The year’s first significant downpour in Borno state, northeast Nigeria, has ruined the huts of displaced people in an unofficial camp in the state capital, spreading fear that there is worse to come.
The rainfall and high winds destroyed already weather-beaten shelters, flooded surroundings in the Muna Kumburi camp in Maiduguri.
Heavier rains are predicted by meteorological authority NIMET and the national disaster relief organisation NEMA. These could see a repeat of the devastating flooding and highlight displaced persons’ vulnerability that spread across the country in 2022.
“We are not safe here. This first rain has destroyed our houses,” says Amina, an internally displaced person (IDP) with five children, as she surveyed the ruins of her makeshift home.
After months of waiting for the rain to relieve the scorching heat, the first significant downpour in June came with a fierce windstorm that destroyed the weather-beaten thatch and tarpaulin shelters in unofficial camps.
Although the floodwaters quickly dried up, the residents are left with an ominous reminder of what they must brace themselves for as the rains become more frequent in July and August.
Just the beginning
Residents had to collect new materials to rebuild their huts, knowing it may not be long until they are flooded again.
The Nigeria Meteorological Agency (NIMET) and the National Emergency Management Agency (NEMA) have warned of heavier rains this year, which could lead to devastating flooding. The situation in the IDP camps is a stark reminder of the vulnerability of displaced persons in the face of natural disasters and other external factors.
Malam Yasami, a resident of Muna Kumburi, shares his experience: “This is just the beginning of the season, and our houses have been destroyed, and we were submerged in floodwater.”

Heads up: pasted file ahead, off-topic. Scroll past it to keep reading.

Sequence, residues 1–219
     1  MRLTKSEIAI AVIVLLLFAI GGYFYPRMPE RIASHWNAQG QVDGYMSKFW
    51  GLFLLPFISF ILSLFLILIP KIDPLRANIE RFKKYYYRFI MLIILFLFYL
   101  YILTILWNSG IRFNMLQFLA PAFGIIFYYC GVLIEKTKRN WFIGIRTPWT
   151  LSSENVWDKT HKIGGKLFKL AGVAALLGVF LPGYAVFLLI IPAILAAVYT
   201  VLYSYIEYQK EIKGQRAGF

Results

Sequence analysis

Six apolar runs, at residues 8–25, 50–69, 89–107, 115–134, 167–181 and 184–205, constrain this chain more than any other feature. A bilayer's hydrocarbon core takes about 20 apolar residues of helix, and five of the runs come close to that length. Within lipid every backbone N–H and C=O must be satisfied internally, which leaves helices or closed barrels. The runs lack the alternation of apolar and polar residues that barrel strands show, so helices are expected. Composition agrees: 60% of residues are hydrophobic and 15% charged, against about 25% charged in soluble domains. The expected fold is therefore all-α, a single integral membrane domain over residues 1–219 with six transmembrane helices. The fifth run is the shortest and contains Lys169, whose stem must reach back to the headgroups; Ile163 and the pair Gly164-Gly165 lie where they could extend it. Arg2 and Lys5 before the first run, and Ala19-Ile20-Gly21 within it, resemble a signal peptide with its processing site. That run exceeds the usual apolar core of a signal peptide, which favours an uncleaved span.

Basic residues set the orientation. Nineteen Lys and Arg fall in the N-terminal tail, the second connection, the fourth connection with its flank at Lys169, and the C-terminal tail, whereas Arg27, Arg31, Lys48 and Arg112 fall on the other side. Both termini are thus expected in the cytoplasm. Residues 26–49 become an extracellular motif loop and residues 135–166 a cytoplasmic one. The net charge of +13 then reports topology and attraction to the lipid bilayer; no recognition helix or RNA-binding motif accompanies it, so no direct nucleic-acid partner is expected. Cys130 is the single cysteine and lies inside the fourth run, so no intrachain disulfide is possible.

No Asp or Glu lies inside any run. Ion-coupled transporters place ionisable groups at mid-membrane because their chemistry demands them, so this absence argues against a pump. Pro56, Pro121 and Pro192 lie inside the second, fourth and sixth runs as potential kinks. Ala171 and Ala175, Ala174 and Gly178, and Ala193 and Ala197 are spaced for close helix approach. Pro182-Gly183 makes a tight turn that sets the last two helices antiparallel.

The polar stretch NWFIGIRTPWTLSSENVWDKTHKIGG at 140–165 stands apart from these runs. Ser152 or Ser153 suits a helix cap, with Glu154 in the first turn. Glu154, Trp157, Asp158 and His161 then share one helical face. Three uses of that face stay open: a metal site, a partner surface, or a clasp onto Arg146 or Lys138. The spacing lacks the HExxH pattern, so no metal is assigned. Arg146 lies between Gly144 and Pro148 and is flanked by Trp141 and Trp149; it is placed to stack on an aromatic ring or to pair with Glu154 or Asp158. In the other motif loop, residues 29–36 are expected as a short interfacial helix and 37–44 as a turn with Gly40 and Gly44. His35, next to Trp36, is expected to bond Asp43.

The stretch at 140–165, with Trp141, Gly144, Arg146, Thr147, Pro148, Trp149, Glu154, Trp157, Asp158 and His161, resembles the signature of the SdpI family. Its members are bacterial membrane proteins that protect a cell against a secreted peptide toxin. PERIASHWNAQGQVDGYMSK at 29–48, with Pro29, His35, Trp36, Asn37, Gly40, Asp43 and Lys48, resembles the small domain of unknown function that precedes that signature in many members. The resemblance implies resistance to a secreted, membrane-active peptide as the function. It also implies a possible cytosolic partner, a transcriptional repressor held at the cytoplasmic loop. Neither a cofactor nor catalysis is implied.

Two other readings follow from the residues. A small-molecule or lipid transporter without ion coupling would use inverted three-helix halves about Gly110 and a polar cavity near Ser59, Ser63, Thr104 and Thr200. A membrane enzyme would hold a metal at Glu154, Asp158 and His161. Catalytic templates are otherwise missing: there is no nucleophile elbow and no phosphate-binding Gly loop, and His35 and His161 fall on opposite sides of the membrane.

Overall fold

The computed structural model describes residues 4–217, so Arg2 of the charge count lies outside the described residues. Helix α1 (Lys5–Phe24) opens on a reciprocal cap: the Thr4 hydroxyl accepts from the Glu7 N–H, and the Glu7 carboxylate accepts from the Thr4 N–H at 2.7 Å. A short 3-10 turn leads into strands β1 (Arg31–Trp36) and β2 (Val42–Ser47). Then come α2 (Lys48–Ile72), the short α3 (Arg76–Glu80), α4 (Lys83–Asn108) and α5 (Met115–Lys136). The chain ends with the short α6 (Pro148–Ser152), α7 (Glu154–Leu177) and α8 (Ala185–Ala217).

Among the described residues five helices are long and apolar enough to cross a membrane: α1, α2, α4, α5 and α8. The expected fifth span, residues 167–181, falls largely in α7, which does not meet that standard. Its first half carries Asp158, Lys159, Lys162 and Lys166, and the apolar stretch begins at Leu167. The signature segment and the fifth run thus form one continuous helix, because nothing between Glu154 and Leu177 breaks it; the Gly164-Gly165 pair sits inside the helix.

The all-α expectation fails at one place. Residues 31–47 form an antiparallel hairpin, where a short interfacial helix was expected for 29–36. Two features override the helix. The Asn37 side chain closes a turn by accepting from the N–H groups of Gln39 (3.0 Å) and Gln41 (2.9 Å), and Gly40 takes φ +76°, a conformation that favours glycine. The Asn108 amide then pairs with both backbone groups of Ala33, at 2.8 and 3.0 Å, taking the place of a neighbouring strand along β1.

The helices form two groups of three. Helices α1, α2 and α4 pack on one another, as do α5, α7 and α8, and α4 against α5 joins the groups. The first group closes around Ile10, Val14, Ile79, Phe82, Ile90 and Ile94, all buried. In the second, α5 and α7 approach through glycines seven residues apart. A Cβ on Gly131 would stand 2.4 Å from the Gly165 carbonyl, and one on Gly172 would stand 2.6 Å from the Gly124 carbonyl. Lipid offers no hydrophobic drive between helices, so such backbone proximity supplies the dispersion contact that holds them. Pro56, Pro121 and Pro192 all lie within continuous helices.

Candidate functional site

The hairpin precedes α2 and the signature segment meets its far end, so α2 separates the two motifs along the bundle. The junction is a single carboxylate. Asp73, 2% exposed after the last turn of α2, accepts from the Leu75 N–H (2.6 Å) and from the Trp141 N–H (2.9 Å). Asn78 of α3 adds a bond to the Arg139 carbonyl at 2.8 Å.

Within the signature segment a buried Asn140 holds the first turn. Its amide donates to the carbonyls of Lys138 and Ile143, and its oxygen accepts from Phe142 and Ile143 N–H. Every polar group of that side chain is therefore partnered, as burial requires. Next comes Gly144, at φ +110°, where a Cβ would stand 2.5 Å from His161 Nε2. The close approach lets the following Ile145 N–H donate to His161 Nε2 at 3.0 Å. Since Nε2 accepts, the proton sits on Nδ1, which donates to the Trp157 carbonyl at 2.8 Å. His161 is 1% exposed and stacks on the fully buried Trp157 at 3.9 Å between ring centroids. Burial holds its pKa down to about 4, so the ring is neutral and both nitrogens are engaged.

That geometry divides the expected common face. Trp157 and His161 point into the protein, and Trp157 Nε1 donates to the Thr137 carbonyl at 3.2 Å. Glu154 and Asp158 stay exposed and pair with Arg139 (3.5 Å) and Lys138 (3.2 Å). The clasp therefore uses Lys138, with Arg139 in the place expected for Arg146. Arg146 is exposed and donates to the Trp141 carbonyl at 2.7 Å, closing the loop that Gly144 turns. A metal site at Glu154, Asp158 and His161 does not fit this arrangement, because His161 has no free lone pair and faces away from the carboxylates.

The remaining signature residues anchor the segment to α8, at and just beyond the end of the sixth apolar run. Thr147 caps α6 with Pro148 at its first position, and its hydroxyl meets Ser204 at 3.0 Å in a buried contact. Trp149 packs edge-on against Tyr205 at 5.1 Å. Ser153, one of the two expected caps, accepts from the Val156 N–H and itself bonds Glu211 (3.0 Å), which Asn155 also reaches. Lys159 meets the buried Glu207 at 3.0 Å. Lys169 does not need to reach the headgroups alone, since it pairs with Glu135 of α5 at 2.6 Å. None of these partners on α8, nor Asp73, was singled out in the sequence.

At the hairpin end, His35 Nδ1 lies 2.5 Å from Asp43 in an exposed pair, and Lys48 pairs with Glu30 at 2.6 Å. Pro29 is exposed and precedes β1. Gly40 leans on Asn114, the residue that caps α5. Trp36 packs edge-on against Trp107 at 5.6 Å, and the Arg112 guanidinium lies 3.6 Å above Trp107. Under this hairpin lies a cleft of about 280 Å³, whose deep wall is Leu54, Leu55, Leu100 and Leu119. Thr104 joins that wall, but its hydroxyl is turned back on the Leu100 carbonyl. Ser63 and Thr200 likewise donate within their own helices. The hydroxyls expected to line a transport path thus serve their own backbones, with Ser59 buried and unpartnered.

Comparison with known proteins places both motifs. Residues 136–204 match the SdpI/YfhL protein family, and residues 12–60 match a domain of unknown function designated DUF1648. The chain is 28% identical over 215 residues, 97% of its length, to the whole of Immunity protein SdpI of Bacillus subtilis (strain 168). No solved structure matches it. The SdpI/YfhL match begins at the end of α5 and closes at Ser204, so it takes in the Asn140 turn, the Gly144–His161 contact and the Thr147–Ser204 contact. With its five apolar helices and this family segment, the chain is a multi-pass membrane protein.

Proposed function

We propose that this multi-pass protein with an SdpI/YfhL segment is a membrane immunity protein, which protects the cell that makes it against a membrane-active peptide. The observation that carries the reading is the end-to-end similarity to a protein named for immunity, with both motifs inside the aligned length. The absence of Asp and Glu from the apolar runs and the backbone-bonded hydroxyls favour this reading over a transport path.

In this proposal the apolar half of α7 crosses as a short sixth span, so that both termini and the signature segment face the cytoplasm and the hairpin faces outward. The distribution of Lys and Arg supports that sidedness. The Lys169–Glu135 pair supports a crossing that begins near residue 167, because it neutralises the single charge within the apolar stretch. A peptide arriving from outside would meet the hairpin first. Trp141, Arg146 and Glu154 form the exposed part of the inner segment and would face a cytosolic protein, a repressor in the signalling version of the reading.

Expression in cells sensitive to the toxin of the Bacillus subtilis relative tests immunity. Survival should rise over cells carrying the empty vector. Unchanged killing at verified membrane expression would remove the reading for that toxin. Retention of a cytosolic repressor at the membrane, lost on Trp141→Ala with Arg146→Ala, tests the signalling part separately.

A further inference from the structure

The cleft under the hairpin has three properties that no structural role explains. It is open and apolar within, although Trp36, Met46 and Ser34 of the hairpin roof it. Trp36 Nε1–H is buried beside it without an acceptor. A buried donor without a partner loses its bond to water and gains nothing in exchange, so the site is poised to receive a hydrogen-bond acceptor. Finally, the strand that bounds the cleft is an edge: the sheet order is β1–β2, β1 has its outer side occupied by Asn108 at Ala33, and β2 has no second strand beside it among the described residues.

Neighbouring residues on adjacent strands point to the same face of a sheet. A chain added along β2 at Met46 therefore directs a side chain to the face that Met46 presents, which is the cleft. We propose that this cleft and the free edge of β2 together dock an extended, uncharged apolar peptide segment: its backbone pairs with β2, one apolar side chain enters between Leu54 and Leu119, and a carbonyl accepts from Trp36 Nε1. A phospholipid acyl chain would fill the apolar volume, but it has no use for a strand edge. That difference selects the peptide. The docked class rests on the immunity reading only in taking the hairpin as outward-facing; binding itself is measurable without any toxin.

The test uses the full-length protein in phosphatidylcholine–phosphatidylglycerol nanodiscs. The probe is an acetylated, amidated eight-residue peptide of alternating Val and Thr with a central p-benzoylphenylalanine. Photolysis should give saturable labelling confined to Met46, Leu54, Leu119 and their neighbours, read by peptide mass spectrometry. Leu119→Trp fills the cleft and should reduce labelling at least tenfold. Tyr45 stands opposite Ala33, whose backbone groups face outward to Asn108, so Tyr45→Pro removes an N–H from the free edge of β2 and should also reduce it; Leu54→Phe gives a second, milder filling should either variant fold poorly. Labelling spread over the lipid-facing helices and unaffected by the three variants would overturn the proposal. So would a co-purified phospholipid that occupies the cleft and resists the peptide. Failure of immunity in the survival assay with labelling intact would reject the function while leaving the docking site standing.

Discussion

According to Yasami, a leader of the community, there are around 7,000 people currently living in the Muna Kumburi camp. They are all residing in traditional shelters made of tarpaulin, which were provided by the Danish Refugee Council and USAID approximately five years ago.
However, due to the harsh sunlight, the tarps have become stiff and brittle. As a result, whenever a storm arrives, the shelters easily crack open or tear them into shreds, exposing the inhabitants.
The Borno State Primary Health Care Development Agency (SPHCDA) has warned of the possible cholera outbreak and other related waterborne diseases in flooded areas with poor sanitation if steps are not taken to avert the situation.
The Borno State Emergency Management Agency (BOSEMA) has not been providing support services to the IDPs in unofficial camps because its mandate only covers camps registered by the government, and all of them have been closed since the last quarter of 2022.
Governor Babagana Zulum has vowed to shut down the camps as he takes yet another second and final tenure on May 29, 2023.
The rainy season has highlighted the ongoing plight of internally displaced persons (IDPs) in Maiduguri and other parts of Borno State.
Yasami, like many other IDPs, is filled with fear and apprehension as he contemplates the coming months of rain. He is left unsure about what steps to take next to protect himself and her family.
In the camp, men were observed using typha grass to create roofing sheets, which internally displaced persons could purchase to rebuild their destroyed homes. This was happening throughout the camp.
For most IDPs, when the rain falls, their heart sinks with it as they are reminded of the struggle and uncertainty of being an IDP.
Many of them said they hold on to hope that one day the skies of the conflict will clear, and they will find a place to call home.
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